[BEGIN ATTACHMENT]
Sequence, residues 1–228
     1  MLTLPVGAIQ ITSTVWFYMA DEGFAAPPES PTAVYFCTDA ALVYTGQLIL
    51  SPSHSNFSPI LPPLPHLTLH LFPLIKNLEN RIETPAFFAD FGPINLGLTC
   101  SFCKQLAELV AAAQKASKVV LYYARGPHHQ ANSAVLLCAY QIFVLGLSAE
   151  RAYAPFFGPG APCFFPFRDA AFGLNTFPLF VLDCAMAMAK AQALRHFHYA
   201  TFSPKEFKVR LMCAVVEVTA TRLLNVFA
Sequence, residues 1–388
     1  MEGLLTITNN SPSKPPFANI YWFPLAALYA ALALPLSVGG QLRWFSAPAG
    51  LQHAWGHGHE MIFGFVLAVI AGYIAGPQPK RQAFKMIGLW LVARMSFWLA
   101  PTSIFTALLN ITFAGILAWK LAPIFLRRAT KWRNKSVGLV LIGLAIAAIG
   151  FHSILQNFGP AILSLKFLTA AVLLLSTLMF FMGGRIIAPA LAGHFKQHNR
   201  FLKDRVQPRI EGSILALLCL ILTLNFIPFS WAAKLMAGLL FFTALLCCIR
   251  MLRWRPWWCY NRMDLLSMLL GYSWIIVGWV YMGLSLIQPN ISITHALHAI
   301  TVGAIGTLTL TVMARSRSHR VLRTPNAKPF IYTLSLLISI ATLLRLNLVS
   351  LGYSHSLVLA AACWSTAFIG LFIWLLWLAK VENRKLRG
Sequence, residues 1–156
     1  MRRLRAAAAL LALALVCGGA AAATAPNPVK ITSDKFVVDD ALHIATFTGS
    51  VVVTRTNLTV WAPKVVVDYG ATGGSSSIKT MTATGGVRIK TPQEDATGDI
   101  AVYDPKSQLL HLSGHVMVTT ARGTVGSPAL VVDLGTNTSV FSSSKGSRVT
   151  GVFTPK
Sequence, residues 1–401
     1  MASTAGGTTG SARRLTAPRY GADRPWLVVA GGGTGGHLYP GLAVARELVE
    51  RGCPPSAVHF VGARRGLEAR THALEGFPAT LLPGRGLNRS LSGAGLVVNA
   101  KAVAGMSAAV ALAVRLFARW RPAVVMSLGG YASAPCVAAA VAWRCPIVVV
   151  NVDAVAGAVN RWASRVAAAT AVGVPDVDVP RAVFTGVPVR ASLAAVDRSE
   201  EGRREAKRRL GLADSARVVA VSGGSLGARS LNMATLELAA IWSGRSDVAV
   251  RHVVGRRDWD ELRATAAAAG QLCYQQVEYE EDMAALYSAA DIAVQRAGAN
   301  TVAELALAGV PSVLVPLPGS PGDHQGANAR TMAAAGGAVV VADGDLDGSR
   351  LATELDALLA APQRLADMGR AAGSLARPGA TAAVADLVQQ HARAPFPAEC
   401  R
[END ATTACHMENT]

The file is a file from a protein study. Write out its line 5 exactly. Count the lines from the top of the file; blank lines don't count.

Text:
   151  RAYAPFFGPG APCFFPFRDA AFGLNTFPLF VLDCAMAMAK AQALRHFHYA